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It might be like this: Parameter means from the callers POV and arguments mean inside the procedure, or other way round.

Or is there no difference?


In Swedish we say "anropsparametrar" i.e. "parameters that are calling the procedure" and we would not say "anropsargument" ("arguments that are calling the procedure").

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it will depend on context, that you refer – Yusubov Oct 12 '12 at 0:11
Please search next time:… – Overv Oct 12 '12 at 6:22
@Overv Even that one is a duplicate. This question has been asked a billion times. Can't believe a bounty was set. – Alternatex Dec 30 '14 at 13:28

1 Answer 1

up vote 28 down vote accepted

According to MSDN article there are some definition differences what is called parameter and what is called argument:


A parameter represents a value that the procedure expects you to pass when you call it. The procedure's declaration defines its parameters.


An argument represents the value you pass to a procedure parameter when you call the procedure. The calling code supplies the arguments when it calls the procedure.

There is also a great quote how to understand it in real-life example:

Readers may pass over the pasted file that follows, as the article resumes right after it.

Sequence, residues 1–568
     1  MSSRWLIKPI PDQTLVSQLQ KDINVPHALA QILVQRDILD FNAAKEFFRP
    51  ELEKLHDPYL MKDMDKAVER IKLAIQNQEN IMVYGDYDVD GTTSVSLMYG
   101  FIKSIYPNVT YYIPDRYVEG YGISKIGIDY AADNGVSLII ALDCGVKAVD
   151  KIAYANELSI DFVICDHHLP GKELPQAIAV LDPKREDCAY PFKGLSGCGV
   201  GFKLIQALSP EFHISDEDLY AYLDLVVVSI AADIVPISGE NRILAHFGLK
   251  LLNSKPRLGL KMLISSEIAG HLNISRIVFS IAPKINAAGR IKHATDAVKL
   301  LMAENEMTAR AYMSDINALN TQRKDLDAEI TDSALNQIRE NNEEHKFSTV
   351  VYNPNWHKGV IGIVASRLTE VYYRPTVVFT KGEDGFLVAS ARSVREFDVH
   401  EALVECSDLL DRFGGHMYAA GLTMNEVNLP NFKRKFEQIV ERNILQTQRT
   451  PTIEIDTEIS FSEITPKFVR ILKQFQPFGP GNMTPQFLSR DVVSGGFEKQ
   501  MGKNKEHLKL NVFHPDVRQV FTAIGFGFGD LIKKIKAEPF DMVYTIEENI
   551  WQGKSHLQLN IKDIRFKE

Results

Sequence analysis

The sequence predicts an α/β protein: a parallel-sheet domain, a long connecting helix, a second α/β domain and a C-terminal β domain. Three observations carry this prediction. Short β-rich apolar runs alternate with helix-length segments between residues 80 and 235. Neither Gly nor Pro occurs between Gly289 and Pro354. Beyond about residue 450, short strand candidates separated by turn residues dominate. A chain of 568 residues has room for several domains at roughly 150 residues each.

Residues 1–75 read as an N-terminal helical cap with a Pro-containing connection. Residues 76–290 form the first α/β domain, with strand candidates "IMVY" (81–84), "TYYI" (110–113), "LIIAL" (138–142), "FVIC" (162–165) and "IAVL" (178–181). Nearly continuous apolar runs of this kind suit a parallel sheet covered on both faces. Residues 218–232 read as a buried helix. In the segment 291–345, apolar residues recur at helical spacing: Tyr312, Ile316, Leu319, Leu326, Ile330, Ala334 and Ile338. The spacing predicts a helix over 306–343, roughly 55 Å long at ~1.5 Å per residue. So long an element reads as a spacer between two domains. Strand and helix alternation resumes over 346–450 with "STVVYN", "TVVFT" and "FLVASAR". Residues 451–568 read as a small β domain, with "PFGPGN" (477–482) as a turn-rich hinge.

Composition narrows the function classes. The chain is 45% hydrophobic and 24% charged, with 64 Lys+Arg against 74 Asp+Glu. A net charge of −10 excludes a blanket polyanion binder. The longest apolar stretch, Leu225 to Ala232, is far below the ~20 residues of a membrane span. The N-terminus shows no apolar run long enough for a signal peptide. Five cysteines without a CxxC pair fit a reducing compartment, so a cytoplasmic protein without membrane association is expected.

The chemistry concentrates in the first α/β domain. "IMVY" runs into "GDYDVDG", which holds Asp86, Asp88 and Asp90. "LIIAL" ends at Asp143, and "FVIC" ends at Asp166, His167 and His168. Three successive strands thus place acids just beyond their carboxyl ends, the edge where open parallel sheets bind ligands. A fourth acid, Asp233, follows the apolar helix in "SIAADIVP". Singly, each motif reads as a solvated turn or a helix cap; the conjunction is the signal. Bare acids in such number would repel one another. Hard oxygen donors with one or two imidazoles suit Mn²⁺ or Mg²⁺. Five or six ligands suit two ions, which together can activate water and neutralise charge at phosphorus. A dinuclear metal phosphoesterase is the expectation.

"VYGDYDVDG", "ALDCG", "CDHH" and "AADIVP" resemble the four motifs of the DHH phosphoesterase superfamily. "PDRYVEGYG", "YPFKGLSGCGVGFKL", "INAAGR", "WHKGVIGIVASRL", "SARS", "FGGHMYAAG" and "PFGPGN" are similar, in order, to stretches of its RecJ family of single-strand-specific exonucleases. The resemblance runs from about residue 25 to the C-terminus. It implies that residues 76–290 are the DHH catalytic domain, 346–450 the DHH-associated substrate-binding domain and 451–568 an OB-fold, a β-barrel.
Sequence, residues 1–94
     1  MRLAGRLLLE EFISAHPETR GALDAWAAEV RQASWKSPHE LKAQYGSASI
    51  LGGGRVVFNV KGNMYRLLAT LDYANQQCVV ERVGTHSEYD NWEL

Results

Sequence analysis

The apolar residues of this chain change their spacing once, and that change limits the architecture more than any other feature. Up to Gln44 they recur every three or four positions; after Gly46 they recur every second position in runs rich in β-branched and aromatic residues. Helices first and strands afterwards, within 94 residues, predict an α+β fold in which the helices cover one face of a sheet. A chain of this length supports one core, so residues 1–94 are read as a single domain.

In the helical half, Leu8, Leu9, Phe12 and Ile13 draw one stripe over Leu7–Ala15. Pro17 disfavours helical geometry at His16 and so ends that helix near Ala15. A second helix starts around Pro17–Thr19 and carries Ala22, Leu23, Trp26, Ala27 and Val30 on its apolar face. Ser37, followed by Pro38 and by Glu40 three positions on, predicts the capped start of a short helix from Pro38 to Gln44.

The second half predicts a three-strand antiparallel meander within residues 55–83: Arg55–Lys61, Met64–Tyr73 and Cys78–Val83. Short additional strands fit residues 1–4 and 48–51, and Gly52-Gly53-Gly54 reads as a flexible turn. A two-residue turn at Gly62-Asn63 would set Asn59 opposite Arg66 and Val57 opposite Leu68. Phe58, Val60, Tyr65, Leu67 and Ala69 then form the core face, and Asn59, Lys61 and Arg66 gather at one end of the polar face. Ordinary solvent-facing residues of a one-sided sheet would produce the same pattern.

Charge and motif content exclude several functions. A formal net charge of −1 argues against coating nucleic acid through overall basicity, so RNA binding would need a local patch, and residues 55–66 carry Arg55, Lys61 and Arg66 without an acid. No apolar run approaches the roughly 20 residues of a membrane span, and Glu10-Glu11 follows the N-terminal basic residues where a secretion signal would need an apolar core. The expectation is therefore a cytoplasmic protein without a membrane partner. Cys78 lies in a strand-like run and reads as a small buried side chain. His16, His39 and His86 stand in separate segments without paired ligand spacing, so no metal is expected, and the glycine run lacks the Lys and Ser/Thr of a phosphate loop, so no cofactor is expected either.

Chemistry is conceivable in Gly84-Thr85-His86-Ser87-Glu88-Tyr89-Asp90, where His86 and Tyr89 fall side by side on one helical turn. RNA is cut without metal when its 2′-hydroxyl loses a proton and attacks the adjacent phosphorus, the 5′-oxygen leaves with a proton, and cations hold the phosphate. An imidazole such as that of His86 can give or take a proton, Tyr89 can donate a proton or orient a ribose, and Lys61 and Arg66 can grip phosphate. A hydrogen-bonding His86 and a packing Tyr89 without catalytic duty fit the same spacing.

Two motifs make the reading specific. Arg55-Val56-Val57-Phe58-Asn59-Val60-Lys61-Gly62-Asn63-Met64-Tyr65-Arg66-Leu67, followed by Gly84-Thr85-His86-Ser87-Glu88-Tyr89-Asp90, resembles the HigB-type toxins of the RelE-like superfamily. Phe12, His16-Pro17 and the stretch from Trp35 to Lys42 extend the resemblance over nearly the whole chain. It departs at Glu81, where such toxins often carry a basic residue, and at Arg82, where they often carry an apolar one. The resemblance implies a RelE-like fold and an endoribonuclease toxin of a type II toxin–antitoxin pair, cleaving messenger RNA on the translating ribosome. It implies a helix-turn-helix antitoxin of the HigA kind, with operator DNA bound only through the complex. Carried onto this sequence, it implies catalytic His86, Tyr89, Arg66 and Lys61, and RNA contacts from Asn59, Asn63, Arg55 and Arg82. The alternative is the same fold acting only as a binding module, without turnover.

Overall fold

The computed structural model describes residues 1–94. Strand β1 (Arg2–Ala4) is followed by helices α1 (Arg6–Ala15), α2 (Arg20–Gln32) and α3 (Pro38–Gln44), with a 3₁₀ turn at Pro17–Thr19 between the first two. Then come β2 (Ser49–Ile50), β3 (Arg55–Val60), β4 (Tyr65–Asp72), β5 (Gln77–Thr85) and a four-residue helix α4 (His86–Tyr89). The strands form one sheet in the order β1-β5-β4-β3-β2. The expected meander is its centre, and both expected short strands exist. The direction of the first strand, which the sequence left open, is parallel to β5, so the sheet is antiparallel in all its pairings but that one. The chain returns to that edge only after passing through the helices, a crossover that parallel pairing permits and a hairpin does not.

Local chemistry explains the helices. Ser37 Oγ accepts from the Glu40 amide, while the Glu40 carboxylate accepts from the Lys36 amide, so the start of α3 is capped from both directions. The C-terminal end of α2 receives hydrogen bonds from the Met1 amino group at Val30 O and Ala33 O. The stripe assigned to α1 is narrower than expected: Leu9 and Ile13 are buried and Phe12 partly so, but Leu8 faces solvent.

To communicate this information to the procedure, the procedure defines a parameter, and the calling code passes an argument to that parameter. You can think of the parameter as a parking place and the argument as an automobile. Just as different automobiles can park in the parking place at different times, the calling code can pass a different argument to the same parameter each time it calls the procedure.

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The C# language specification agrees with this. For example, section " Parameters" states that "The parameters of a method get their actual values from the arguments that are specified when the method is invoked." – akton Oct 12 '12 at 0:28

protected by Yusubov Jul 8 at 15:06

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